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TRANSIT

Cost advantage and positive public perception boost growing number of natural gas buses

11,000 natural gas buses on the road

Transit agencies across the country are transitioning to natural gas for its environmental and economic advantages over diesel and other alternative fueled buses. Today, over 11,000 natural gas buses operate across the country, and about 35 percent of new transit buses on order are powered by natural gas.

The economic case against electric

While diesel-electric hybrid-drive propulsion systems show promise in a number of medium and heavy-duty vehicle markets, it is becoming increasingly clear that the initial purchase price premium and the cost of battery replacement for this technology is not justified by the incremental improvement in fuel efficiency. Natural gas buses have a significant life-cycle cost advantage over diesel and diesel-hybrid powered buses.

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Positive public perception

Riders appreciate reliable, low-cost service and the quieter operation of natural gas buses, which operate at levels about 90 percent cleaner than diesel engines. Most importantly, use of natural gas communicates environmental stewardship and the importance of reducing our country’s dependence on foreign oil.

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Building a natural gas station

If use of existing fueling infrastructure is not practical, convenient, or economical, it may be better to build a new CNG, LNG, or LCNG station. The design, capacity, and cost of a CNG, LNG or LCNG fueling station will vary based on:

  • Number of vehicles to be fueled, total daily fuel requirements and maximum hourly flow rate.
  • Whether time-fill, fast-fill or both capabilities are needed (most transit agencies other than the very smallest that may rely on cutaway shuttles capable of a complete time-fill overnight require fast-fill capability).
  • The level of remote station equipment monitoring.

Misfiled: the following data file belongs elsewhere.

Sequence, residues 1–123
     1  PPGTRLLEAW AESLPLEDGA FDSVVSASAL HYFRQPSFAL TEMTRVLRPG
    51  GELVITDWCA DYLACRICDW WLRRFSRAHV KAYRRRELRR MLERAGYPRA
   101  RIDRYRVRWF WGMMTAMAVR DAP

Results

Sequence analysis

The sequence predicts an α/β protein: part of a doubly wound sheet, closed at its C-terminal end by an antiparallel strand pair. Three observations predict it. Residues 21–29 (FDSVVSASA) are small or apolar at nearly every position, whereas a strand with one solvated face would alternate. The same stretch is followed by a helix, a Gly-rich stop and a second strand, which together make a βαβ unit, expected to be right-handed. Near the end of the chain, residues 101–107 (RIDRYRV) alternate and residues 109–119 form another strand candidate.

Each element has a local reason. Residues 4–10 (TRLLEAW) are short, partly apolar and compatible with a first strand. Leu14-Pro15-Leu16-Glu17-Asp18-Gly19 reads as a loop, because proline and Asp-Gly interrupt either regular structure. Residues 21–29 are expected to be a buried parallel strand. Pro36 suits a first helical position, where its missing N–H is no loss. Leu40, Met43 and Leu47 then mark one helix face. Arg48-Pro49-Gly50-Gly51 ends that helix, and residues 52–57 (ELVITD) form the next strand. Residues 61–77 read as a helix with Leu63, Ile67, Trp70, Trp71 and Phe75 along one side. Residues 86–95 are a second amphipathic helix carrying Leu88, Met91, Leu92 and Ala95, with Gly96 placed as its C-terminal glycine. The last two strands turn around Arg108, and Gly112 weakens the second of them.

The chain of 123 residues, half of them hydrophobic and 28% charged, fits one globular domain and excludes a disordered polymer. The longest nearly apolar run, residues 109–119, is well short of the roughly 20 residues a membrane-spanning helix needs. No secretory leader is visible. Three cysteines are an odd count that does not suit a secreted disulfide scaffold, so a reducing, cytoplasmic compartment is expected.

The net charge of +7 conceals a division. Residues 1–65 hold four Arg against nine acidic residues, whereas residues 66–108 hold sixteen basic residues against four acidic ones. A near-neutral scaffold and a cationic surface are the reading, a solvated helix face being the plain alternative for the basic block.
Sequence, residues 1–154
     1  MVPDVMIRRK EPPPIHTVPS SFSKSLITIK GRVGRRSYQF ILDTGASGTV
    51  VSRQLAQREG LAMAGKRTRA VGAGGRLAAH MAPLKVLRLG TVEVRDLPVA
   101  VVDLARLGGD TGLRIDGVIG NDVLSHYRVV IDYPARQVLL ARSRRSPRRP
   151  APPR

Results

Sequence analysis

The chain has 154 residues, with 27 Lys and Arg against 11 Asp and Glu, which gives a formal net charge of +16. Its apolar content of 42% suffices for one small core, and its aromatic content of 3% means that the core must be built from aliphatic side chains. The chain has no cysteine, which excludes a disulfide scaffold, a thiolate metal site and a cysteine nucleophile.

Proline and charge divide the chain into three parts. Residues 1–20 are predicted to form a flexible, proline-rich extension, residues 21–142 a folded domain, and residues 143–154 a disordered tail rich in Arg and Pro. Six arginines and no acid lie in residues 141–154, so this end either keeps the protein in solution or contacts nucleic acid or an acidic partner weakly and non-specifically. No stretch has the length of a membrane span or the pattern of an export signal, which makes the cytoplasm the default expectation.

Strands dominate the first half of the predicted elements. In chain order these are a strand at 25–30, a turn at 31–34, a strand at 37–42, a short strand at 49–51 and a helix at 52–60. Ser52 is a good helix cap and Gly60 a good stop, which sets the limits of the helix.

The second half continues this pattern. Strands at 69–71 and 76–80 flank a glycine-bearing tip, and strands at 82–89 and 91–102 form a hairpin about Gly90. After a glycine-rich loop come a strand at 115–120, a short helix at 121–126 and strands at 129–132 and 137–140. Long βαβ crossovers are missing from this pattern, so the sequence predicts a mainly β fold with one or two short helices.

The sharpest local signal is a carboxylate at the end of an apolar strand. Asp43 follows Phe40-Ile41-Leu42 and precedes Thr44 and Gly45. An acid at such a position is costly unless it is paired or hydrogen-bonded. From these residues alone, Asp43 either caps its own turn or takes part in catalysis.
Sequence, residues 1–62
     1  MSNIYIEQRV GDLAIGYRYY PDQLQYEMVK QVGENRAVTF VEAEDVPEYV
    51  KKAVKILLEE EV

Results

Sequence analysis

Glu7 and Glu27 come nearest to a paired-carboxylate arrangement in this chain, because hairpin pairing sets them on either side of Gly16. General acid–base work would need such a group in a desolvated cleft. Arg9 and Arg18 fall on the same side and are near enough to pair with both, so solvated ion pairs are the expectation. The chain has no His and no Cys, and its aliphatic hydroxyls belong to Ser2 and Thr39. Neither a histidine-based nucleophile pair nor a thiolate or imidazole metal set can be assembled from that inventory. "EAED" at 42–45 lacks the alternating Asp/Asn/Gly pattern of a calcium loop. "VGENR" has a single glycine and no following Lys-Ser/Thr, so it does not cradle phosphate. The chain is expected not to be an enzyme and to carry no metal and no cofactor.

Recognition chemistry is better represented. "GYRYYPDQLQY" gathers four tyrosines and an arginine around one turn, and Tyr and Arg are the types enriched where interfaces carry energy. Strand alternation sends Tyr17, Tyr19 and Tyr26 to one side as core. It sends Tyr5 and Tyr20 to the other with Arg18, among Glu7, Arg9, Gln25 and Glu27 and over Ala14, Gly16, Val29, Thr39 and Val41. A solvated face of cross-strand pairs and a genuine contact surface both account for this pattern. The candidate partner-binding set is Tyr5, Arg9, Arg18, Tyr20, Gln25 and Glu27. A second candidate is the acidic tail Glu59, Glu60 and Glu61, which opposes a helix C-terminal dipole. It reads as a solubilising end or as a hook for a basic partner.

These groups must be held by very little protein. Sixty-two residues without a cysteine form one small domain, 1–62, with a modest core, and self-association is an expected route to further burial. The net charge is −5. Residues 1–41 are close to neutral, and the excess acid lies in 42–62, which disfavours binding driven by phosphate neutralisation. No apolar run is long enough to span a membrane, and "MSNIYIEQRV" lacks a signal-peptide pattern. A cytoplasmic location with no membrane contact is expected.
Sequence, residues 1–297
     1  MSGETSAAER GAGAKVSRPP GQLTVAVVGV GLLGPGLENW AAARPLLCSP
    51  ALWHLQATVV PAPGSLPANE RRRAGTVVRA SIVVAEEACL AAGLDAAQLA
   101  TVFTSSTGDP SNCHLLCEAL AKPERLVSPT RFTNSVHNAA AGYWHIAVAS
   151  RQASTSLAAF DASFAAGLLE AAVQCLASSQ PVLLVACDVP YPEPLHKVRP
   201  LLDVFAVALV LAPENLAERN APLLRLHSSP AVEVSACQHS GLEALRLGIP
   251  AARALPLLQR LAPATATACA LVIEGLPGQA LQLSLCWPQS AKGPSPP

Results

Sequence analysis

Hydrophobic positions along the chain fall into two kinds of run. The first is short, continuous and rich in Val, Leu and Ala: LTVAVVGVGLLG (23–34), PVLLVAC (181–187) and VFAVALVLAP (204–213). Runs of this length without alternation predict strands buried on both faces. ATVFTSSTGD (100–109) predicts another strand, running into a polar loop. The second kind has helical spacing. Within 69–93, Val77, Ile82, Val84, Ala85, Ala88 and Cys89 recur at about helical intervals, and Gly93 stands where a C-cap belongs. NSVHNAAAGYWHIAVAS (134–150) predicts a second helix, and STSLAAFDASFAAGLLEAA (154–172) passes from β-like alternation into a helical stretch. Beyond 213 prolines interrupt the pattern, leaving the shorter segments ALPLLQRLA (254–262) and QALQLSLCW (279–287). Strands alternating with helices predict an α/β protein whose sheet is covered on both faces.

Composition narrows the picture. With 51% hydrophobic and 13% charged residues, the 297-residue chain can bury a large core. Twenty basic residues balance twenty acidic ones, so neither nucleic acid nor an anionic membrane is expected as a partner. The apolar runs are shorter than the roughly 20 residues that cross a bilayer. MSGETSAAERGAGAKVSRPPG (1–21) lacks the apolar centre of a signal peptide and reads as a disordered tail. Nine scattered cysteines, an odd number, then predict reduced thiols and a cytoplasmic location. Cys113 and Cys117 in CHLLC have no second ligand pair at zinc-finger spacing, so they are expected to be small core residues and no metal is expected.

If CNG vehicles are planned, most transit agencies choose to install compressors that take local natural gas distribution company gas from lower delivery pressures up to 4,500 to 5,000 psi, store it on-site, then transfer it during the vehicle fueling process to the onboard CNG cylinders at 3,600 psi. Another option for fleets that do not have gas available to their site, is use of an LCNG fueling station, which compresses LNG (available via delivery or onsite liquefaction), then “flashes” it through a high-pressure heat exchanger to gaseous state before dispensing to the onboard 3,600 psi CNG cylinders.

If LNG vehicles are to be used and an existing nearby LNG fueling facility is not already available to handle the additional load, then a regular supply of vehicle grade LNG must be located and on-site cryogenic storage and dispensing equipment will be installed. Most of today’s available vehicular LNG supply comes from a limited number of large-scale production plants. Due to their remote locations and transportation costs, their economic feasibility is directly impacted by distance from the prospective customer. Additional vehicular grade LNG production facilities are in development and advances in small- to mid-scale liquefaction technologies now make it possible to produce cost-competitive LNG closer to the fleets they serve, typically at a higher production cost but with lower transportation costs.

Need a natural gas station on your route?

If use of existing fueling infrastructure is not practical, convenient, or economical, it may be better to build a new CNG, LNG, or LCNG station. NGVA can connect you with member station builders across North America.

NGVA can connect you with member station builders across North America.

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